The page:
really good sales and marketing skills or analytical skills, how do I start learning
what they're doing to be able to enhance my background? So start using that to position
yourself. Okay, the next one. I have to bring up the CEO part of it. I had a question the
other day as I presented they said, "Oh well, the CEO function." I'm guessing there's a
lot of engineers-CEOs. And I look around and said, "Well, au contraire," you know, "less
than 15%." And it makes sense. They are sales and marketing, a third of them come from sales
and marketing backgrounds. And it's because the CEO of those text start-ups is the number
one sales person in the company. And, guess what? If you're a technology co-founder, your
usual--and a tech person, the engineer that's developing it, you may end up running into
and becoming that's CTO co-founder. You still are the co-founder but you'll hire in people
that can do the other parts of it. So I just wanted to point that part of this out to you.
Now I have breakout sessions. You guys get to work tonight. Okay, and the reason for
this is I want to have a context, I want you to have a context so that you can think about
this for your own self. So that as you walk away tonight, you're going to be able to think
about, "What do I want to work on?" So we're going to spend 10 minutes, and yes, I need
you to come back to me in 10 minutes, so I'll try and get you. Actually, when I start doing
it, whoever comes back in lessons I give one of these away, okay? So anyway, we're going
to spend 10 minutes and breakout into groups of three or four and I want you to introduce
yourself. So if you're sitting around people you work with go find new people you don't
know, okay? And I want you to one, introduce yourself with a 15-second pitch and I'm going
to give you an example because we all give 30-second to a minute pitches. It's "Hi, I'm
a product manager in mobile applications. I developed something like this app you might
have." And if you're looking for a job you can say, "And I'm looking for a job at companies
like Google or Microsoft." That's your introduction, short and sweet. But then the second part
is the most important. Why don't you just share with this group if you've got any thoughts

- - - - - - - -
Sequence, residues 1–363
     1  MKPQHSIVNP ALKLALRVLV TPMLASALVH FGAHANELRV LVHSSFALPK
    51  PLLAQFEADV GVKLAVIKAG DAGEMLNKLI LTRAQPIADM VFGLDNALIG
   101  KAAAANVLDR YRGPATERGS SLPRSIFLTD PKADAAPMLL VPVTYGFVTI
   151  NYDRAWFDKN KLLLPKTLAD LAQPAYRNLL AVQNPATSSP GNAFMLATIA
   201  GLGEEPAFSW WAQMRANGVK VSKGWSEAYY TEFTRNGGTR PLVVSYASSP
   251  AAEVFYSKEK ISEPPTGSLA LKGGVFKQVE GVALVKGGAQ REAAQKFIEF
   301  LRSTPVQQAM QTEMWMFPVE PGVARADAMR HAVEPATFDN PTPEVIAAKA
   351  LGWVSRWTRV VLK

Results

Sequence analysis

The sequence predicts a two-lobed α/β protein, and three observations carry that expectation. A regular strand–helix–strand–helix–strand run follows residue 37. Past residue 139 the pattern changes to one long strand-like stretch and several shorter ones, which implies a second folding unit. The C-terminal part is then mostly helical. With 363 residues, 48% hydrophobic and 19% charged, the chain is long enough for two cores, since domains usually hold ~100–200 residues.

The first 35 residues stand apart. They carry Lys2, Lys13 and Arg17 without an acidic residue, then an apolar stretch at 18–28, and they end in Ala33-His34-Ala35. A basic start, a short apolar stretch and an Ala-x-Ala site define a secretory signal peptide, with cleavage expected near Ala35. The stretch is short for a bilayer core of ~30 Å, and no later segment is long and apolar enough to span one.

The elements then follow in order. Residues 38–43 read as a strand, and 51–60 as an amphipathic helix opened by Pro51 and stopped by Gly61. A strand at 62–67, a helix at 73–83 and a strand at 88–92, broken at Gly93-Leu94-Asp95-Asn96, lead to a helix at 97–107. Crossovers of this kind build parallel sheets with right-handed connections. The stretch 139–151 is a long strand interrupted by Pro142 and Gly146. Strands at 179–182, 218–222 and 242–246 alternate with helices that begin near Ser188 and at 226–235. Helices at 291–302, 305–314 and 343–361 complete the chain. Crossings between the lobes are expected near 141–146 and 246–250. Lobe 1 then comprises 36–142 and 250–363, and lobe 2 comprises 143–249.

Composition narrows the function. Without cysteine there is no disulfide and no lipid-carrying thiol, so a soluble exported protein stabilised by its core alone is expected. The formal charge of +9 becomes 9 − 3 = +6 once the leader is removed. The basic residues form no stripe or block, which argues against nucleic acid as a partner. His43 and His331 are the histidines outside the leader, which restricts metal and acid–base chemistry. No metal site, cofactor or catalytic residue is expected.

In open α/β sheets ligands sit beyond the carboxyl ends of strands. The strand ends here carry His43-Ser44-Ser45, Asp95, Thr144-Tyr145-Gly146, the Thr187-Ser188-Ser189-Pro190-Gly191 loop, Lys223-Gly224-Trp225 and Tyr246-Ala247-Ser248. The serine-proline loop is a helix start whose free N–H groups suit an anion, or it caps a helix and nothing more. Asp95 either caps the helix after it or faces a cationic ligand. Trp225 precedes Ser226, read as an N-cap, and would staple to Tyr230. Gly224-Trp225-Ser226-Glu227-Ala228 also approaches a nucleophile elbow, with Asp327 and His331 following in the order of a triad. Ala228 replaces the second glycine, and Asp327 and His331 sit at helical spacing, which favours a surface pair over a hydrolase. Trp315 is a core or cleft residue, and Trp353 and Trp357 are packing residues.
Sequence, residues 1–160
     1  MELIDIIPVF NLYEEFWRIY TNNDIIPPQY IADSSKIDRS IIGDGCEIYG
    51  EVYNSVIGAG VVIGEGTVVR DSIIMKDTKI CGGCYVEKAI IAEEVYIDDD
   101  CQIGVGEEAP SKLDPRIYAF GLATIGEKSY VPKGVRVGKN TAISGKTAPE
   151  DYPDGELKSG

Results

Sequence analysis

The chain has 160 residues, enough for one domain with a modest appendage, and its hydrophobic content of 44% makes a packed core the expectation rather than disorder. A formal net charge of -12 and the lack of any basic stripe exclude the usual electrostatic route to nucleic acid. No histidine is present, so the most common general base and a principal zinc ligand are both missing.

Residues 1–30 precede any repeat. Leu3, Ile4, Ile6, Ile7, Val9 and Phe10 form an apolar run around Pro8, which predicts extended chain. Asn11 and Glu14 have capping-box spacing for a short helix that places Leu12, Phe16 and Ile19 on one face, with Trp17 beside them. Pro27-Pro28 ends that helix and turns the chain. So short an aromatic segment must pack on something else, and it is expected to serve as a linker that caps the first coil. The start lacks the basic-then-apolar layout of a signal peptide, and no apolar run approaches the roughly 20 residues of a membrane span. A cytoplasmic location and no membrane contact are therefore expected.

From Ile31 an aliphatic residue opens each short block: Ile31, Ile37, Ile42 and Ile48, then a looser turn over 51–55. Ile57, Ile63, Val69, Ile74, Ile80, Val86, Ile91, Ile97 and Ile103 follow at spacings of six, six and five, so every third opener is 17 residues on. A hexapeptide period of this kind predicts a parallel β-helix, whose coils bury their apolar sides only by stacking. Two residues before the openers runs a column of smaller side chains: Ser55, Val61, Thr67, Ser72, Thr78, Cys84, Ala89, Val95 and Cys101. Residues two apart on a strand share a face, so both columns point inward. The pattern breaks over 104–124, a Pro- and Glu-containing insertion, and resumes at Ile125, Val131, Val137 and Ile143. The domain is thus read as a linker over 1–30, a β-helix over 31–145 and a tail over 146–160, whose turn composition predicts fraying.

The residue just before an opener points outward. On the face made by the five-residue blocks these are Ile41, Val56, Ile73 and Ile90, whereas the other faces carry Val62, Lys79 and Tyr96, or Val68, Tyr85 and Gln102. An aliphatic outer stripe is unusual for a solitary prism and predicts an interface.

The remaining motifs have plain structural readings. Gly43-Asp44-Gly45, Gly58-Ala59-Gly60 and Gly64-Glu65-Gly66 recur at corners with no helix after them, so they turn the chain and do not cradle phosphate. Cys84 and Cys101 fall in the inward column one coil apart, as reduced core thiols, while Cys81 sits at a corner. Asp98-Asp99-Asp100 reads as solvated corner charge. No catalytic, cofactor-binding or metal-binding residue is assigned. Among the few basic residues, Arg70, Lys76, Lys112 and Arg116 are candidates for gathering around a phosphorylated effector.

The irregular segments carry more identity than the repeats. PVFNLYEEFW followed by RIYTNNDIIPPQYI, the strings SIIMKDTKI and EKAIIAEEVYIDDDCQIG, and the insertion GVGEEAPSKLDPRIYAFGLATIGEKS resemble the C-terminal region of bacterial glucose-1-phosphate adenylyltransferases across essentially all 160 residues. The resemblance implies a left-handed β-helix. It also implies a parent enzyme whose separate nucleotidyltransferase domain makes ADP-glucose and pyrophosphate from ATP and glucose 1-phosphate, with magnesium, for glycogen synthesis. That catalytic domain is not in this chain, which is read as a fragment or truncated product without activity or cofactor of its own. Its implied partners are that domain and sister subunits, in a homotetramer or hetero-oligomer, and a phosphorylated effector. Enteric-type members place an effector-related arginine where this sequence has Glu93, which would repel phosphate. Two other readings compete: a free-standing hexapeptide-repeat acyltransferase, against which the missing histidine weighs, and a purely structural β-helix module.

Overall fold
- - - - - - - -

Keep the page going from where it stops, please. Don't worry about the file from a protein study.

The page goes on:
on where you want to be, what's your dream, your vision. Maybe it's even just a pipe dream.
But if you've got a thought and where you think you're going to be headed with your
career whether it's just your next job or even better if it's longer term. So we're
going to spend 10 minutes doing this, and I'll get you back together. So go ahead and
find a small group. That was just to give you some context so that you've got a direction
that you're thinking of, because with that thought process the next part is going into
the leadership skills model. And I call it the career pyramid because the graphics look
pretty; of skills at the top. And there's five that I'm going to talk about. And I can
give you examples for the next three hours on this, okay, but we're only going to spend
30 minutes. So, the first one is strategic vision. We learned about this in business
schools so I'll probably go through it pretty quickly. Customer perspective, you've got
to bring the customer perspective into your job, whether it's external or internal customers.
And how do you do that? It's kind of interesting because you wouldn't expect to see that up
there but it was very interesting how all of the panelists talked about who they're
customers, from CEOs talking about shareholders, to VPs of marketing bringing that information
into the company. So I'll take you through examples of that. Communication skills. So